“The urge to compete and their anxiety to win are revealed flickeringly in their everyday conversations, and only a hair’s breadth separates them from the Philistines who they spend their idle days denouncing.”
After the publication of I Am a Cat Soseki’s writing career took off allowing him eventually to become a full-time author.
Still popular today, and seen as a quintessential must-read author for Japanese students, Soseki is known for his skillful fusion of Edo sensibilities and Meiji modernity, a pivotal period that shaped modern-day Japan.
Among such works as Kokoro, Botchan and Sanshiro, which was one of film director Akira Kurosawa’s (1910-1998) favourite books, Soseki wrote 15 novels, which are full of fascinating and idiosyncratic characters with depth, and often a touch of loneliness. Books that still resonate with readers today.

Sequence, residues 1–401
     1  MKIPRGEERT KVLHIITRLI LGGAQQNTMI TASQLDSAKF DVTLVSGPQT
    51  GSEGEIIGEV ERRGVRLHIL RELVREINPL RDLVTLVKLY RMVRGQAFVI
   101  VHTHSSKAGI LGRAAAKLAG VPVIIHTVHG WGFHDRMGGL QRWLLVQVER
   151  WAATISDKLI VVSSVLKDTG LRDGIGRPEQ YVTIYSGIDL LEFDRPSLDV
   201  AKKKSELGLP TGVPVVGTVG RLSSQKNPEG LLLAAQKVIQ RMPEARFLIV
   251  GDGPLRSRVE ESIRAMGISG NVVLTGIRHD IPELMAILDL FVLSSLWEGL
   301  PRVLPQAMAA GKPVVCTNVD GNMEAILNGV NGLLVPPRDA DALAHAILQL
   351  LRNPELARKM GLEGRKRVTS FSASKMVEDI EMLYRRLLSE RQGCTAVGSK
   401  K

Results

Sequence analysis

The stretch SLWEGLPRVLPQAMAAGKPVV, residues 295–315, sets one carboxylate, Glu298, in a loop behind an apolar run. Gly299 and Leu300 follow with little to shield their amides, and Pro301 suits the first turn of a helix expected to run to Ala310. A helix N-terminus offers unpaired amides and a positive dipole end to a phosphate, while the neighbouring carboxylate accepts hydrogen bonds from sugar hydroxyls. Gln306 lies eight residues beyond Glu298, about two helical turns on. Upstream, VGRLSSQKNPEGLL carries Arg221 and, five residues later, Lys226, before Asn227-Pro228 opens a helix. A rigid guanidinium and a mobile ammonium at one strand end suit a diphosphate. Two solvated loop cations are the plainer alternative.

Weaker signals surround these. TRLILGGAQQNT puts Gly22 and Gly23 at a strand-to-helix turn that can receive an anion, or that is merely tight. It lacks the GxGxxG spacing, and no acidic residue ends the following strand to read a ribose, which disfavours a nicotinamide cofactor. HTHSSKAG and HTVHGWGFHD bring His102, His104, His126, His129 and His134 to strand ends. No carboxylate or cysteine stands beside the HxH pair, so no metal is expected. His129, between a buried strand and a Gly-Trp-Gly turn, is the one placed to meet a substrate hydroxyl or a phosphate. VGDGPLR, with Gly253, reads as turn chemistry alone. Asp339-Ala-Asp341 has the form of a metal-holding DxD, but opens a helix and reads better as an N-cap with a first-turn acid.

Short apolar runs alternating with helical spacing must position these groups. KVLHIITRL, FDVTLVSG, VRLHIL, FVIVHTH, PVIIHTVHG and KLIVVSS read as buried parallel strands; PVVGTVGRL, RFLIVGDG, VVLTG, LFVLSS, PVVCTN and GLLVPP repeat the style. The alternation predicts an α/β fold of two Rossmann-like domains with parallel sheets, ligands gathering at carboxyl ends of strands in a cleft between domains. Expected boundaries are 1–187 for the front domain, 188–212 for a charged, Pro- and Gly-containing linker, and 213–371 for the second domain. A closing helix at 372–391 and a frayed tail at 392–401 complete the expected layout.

- Freethinking and Individualism: Another Modern Paradox?
He developed a wide and close circle of disciples, which included the likes of a young Ryunosuke Akutagawa (1892-1927) whom he encouraged and mentored along with other ‘students’ at weekly meetings at his home.
This said, Soseki avoided or kept a distance from his actual peers. He wrote and spoke about the importance of personal freedom and nurturing individuality, which he considered a moral duty.
Soseki argued that individuality should be pursued and everyone had the right to think and act freely as an individual. Nonetheless, he also understood the complexities and competing forces of the rights of the individual and group rights and needs, as well as the need for occasional obeisance and for personal freedom and tolerance to be subjected for peace.